Each year, death claims about 0.6% of the Australian population, 70% of which occur in the 70-plus age bracket. With such detached language, death seems remote and non-threatening. However, should we state that almost 130 000 young and old Australians will die each year, and that this number is set to soar in our ageing population, then death becomes much more confronting. We are reminded of the implicit truth embodied in Thomas Mann’s axiom that “A man’s dying is more the survivors’ affair than his own.”
In the distant past, the spectre of death was wrapped into the very fabric of life, but this is no longer the case. Philippe Aries, in The hour of our death, his epic historical analysis of the social meaning of death, notes that in the 20th century “Death has ceased to be accepted as a natural, necessary phenomenon. Death is a failure, a ‘business lost’.”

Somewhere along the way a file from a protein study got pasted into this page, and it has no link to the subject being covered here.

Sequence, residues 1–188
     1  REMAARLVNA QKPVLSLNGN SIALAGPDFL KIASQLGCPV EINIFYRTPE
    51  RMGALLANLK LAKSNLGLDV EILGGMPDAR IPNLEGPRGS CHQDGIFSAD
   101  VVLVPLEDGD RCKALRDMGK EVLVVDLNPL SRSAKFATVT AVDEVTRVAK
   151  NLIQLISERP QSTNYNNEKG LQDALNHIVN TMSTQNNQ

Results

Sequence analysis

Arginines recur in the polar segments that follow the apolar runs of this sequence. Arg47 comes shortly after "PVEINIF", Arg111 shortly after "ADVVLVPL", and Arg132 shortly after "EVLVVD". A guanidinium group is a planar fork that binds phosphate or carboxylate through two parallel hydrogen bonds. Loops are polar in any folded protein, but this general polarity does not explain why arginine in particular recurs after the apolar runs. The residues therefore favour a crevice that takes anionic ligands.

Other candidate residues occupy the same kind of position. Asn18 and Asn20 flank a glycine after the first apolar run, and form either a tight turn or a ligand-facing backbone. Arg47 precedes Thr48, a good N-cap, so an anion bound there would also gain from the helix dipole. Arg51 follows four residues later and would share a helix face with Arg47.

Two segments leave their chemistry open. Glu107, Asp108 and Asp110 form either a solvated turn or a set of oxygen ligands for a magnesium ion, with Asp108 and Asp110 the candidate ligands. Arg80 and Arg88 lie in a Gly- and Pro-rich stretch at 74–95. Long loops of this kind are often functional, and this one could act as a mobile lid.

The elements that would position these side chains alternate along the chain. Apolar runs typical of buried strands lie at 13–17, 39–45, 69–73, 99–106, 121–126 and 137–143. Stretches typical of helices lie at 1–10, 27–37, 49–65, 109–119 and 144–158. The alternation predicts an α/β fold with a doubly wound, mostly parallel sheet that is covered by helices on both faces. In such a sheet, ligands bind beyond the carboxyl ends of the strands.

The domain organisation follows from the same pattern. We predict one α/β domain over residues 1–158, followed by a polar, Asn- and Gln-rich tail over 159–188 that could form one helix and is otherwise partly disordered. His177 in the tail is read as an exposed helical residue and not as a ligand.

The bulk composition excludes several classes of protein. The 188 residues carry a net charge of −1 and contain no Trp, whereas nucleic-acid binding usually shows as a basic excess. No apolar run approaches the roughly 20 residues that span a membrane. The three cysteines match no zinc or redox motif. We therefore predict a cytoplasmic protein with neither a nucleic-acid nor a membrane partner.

Armed with sophisticated technology, pharmaceuticals, human skill and humane care, battles are daily waged against death, in operating theatres, intensive care units and other specialised facilities. During such battles, communication between doctors, family and friends are inclusive, intensive and regular, but, with death, the doctors suddenly disappear. The connections are fractured and communications abruptly end. The bereaved are left to cope as best they can.
Do our professional responsibilities extend beyond death? How many doctors conduct post-loss meetings with relatives? How many attend the funerals of their deceased patients? How many write letters of condolence to the bereaved family? Idealistic ideas? Maybe. But with the increasingly aloof and disengaged face of modern medicine, the time is long overdue to engage in humane gestures in caring for the living after a death — postmortem care.
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